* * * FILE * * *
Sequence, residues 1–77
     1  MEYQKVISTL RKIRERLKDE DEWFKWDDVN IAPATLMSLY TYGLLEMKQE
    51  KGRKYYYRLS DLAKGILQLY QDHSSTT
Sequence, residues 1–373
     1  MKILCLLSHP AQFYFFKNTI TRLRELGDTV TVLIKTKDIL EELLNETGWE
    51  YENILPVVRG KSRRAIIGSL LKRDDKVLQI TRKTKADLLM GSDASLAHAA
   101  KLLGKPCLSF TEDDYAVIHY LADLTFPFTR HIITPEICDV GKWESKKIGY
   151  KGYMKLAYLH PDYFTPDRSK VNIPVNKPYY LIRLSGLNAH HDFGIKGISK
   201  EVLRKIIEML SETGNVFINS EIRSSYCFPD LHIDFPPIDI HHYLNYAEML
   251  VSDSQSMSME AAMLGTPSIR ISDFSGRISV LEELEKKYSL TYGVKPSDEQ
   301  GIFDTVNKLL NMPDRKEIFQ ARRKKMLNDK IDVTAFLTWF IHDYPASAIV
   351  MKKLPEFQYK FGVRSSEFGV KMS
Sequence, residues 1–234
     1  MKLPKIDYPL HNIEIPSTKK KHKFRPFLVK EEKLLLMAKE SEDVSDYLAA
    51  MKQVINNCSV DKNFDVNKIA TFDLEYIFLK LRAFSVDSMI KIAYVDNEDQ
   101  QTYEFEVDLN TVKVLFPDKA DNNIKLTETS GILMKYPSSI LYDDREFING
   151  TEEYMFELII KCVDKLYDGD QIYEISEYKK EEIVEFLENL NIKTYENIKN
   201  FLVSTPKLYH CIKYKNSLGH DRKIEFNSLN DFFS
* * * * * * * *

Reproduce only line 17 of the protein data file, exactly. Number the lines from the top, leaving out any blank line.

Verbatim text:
   151  TEEYMFELII KCVDKLYDGD QIYEISEYKK EEIVEFLENL NIKTYENIKN